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About specialbikejames

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  1. Smash a suitably sized (ie, very tight fitting) socket on over the nut and undo. Had to do this ages ago and it worked, I used some random old imperial socket but I can't remember the size. I assume you put a couple of the other wheel nuts back on to take the weight of the wheel off the stuck one?
  2. All I had to do on mine was rotate the gear stick slightly on the splines. Pull the rubber gator up and you'll see the nut which secures the gearstick to the selector.
  3. I think as an observation on all modern cars they are fine when bought in the way most are- that's to say via PCP or lease. Sold that way they are either new or used approved through a main dealer and under warranty- therefore the customer's exposure to some of these crippling costs are minimal. JLR servicing is expensive- my C63 is cheaper to service than the Disco 4. I suppose I got my monies worth on the D4- the beaut who filled it with oil topped it up all the way to the filler cap and never thought that it might be too much.
  4. My company Disco 4 has done 36,800 miles in 18 months and not had a single issue- pretty impressed with it on and off road. Refinement wise it's nearly on a par with the boss's Autobiography RR. Bad bits- economy with lead feet is 25mpg (no better than the puma 110 it replaced) and servicing is a rip off. As good as it is, I wouldn't own one privately. Potential problems are just too scary to contemplate!
  5. I had this once about 10 years ago, bent my track rod off at a pay and play and decided to limp home. I guess the force on the wheel which was toed out eventually caused the (unchecked) nuts to work loose, they actually ovalised the bolt holes in the old steel rim so much the wheel just ripped off leaving some of the nuts still loosely on the studs. Just as my wheel overtook me on a gentle bend a Police car came around the corner to see me heading for the verge, and my wheel heading for freedom. Luckily escaped with a bollocking (deserved) and a lesson learned.
  6. I though LR Services were in Bedminster, they used to be off Hartcliffe Way? Had a few different landies MOT'd by them (they are not actually testers themselves) and OK, not great standard of work through for the few things I've had them do. If the truck is well screwed together and probably going to pass then I'd have no worries giving it to them. I started using Mototech who are in Bedminster instead, not LR specialists but do a lot of commercial work and know 4x4's. Thought they were pretty helpful when trying to balance the twin SU's on my old V8 when they didn't have to be. As a caveat I moved over to Chepstow a couple of years ago so not used any of them for a while.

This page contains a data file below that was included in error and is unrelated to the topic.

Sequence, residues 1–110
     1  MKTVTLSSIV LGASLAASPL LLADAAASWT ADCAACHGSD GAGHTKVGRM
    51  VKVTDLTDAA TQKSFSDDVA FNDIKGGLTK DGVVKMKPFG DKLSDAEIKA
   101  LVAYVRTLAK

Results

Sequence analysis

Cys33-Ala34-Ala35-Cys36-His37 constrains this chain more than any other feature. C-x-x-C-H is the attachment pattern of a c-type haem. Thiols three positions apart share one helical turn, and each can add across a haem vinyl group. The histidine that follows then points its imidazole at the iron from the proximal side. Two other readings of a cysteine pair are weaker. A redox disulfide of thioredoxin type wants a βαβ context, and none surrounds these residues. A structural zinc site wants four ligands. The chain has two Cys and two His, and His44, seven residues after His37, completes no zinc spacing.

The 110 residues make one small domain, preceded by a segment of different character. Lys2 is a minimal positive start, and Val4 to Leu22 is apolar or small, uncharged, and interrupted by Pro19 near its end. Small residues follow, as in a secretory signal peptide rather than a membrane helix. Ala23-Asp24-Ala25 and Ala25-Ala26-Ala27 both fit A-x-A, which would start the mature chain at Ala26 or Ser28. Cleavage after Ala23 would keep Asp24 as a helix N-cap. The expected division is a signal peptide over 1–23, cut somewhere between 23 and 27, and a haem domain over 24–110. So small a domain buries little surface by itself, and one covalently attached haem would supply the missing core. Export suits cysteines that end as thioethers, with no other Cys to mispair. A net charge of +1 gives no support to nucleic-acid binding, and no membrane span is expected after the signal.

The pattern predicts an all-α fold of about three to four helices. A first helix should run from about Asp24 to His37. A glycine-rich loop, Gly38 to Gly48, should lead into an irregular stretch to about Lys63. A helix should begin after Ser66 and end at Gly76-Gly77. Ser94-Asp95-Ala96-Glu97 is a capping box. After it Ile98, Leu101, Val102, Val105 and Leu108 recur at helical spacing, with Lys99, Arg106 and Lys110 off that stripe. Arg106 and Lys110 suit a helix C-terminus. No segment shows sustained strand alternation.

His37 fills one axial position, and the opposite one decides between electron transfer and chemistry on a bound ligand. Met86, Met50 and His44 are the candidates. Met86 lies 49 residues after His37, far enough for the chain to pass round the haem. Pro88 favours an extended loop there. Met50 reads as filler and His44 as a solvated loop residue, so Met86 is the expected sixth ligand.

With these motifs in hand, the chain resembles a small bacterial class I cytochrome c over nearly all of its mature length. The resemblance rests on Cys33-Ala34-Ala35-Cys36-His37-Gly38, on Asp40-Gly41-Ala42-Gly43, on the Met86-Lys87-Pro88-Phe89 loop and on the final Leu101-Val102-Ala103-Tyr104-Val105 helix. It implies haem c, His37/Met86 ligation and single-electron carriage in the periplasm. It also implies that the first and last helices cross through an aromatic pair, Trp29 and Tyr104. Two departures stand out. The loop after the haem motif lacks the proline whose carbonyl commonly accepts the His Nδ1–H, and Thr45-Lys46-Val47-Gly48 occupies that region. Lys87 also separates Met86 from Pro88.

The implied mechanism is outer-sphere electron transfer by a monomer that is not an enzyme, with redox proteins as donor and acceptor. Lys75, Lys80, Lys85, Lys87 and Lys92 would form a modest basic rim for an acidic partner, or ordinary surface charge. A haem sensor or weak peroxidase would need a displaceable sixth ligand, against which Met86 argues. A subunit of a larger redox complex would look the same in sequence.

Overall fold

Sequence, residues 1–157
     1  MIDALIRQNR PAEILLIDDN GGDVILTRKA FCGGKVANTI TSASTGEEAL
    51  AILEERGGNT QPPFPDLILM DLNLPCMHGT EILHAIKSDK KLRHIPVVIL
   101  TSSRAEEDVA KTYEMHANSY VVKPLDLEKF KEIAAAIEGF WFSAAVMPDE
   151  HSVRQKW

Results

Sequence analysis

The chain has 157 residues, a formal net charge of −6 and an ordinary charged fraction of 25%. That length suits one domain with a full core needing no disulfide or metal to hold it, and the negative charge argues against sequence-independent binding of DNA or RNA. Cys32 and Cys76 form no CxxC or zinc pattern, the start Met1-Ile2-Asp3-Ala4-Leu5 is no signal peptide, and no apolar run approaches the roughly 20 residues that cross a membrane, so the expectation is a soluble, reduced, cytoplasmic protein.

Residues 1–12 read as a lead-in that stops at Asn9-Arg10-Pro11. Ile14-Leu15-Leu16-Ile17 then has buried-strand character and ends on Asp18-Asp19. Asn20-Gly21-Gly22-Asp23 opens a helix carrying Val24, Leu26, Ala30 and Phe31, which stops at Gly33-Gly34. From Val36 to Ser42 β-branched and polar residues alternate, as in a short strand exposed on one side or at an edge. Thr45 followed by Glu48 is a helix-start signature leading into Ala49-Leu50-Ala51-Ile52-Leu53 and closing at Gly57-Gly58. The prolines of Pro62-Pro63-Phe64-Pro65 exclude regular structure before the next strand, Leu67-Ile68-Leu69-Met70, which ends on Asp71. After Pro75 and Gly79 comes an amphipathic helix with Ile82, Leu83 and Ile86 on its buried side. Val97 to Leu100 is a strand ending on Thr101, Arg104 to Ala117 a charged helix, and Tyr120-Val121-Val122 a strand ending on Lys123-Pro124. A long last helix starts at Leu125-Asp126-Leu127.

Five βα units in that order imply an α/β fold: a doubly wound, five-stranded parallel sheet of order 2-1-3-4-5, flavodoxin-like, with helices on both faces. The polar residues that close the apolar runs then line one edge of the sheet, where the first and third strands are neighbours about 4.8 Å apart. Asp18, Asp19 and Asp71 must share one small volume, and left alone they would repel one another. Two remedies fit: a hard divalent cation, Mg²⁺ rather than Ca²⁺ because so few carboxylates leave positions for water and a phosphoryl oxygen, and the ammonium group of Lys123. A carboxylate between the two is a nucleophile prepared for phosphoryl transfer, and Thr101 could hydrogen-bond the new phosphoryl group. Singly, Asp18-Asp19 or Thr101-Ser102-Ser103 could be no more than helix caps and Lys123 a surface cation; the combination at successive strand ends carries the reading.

7. If you can scavenge some then 40/40 geogrid laid over terram at the base of the excavation is a great way to start. Remember that geogrid and terram both need a minimum 300mm overlap between strips to work effectively. I would put a slight fall on the top of the stone to promote drainage, even the best machine operators will struggle to level stone to a perfectly even grade so ponding to some extent in inevitable if you try and level it perfectly flat. I would put a 1:40 cross fall across the top of the stone into a simple French drain on the low side. Even with a modest fall water should run off the stone, if you have a natural slope to work with then forming the cross fall should be easy enough and not make any extra work. Getting the water away is the key to a long lasting yard. We usually work on saturated aggregated only having 50% of it's potentially bearing capacity, so it makes a big difference. Or you could just do it farmer style and level in some rough hardcore with a loading shovel bucket and be done with it.
  8. Steve Hill good but expensive, save him for the bigger jobs you can't handle yourself. Land Rover Services in Bedminster are a bit rough and ready but ok for welding etc. Pete at Christian Autos is simply superb.
  9. Water in fuel from the wading? If it started immediately after you ploughed through a deep bombhole that's what I'd check. Use the drain point to empty your fuel tank and check that before stripping the engine down.
  10. I use a 'high output' ARB compressor- obviously runs the locker fine and ok for pumping up tyres. It would struggle if you air up and down a lot though. Don't really air down that much but the ARB got so hot pumping up 235 tyres the last time it melted the winch air free spool line!
  11. Chris, as per our chat at Seven Sisters (which you hopefully made it back from) I might also now be staying in that exact hotel over that very weekend. I'll also be in my 90- what a coincidence!
  12. Well the Td5 set up With the Dixon jaw looks good. Didn't really think about the rear mounted tank on the Td5 in my post above so I guess you'll have to wave the inner spreader plate unless you want to drop the tank.
  13. They are both ok, as are NATO hitches and standard tow hitches. It's the spreader plates which you need to keep the thing workable, the standard cross member is paper thin.
  14. For reasons I can't quite define I've ended up on 7.50 XZL's. I enjoy road noise, slightly terrifying handling on wet A roads and hanging up my diffs on tree stumps when off road. Joy. Time to get rid of the lift and re-fit the ARB's next...
  15. A rag top tour of the South of France sounds good, a rag top tour of Morocco sounds miserable. I went with a friend in a Td5 110 and even the rubbish Defender sealing and rubbish Defender Air-con was better then nothing. He might have been able to write in the dust on his dash, I could write in the dust on my face after an hour on Lak Iriki in my 90. J
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